There is a debate among some educators over the merits of teaching cursive writing. In an age of computers and gadgets is there still a place for something as ‘old-fashioned’ as knowing how to write legibly? (I think there is.)
There might also be a debate about something equally important–the art of writing a letter. This week The New Yorker had a column that is worthy of pondering.
As you read the paragraph below ponder the loss of the letters from John and Abigail Adams.
If we stop writing letters, who will keep our history or dare venture upon a biography? George Washington, Oscar Wilde, T. E. Lawrence, Virginia Woolf, E. B. White, Oliver Wendell Holmes, Vera Nabokov, J. P. Morgan—if any of these vivid predecessors still belong to us in some fragmented private way, it’s because of their letters or diaries (which are letters to ourselves) or thanks to some strong biography built on a ledge of letters. Twenty years ago, many of us got a whole new sense of the Civil War while watching and listening to Ken Burns’s nine-part television documentary, which took its poignant tone from the recital of Union and Confederate soldiers’ letters home. G.I.s in the Second World War wrote home on fold-over V-Mail sheets. Troops in Afghanistan and, until lately, Iraq keep up by Skype and Facebook, and in some sense are not away at all.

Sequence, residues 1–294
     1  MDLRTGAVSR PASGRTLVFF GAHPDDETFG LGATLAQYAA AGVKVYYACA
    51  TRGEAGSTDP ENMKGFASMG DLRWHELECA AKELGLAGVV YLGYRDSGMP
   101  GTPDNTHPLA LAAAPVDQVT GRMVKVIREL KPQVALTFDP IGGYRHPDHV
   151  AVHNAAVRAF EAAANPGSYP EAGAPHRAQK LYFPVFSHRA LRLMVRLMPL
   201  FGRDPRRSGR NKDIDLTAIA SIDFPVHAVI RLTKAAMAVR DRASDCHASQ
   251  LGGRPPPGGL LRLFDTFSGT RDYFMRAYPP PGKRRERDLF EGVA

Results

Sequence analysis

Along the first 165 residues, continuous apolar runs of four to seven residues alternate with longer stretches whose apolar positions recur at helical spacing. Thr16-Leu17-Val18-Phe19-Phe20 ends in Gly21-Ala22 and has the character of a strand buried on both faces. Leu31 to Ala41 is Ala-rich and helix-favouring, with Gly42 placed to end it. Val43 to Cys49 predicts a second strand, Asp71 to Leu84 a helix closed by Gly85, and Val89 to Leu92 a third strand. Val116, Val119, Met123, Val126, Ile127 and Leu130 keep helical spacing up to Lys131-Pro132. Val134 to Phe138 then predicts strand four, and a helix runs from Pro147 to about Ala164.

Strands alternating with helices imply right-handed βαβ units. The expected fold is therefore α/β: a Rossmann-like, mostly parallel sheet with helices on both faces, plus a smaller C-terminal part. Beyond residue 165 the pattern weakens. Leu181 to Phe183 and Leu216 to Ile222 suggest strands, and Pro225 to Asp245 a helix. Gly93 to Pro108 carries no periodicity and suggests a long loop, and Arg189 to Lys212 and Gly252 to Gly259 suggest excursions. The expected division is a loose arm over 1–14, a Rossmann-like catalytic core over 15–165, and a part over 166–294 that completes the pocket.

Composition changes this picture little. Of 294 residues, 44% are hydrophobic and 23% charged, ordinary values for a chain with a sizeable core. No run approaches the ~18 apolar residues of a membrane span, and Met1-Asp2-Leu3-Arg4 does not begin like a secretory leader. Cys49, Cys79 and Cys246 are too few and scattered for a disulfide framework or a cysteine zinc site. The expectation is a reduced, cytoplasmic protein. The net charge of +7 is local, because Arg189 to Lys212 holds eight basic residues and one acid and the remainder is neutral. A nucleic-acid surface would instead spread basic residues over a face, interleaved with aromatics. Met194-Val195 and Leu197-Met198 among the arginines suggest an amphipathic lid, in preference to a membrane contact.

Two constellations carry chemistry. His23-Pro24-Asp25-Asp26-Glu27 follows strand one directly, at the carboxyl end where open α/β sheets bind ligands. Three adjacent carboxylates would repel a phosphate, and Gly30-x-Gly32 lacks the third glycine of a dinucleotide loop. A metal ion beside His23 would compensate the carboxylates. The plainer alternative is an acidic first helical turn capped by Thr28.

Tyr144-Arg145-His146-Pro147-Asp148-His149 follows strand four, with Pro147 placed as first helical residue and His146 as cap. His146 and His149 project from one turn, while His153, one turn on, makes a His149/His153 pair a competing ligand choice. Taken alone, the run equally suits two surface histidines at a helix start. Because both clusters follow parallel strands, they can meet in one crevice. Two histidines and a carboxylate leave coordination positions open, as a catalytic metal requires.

Writers can’t stop writing, and it’s cheering to think which of them would have switched over to electronics had it been around. The poets Robert Lowell and Elizabeth Bishop conducted an enormous correspondence—four hundred and fifty-nine letters, between 1947 and 1977 (“What a block of life,” Lowell said), spanning three continents and, between them, six or eight different lovers or partners—but one need read only a few pages of these melancholic literary exchanges to know that the latest BlackBerry or iPhone never would have penetrated their consciousness.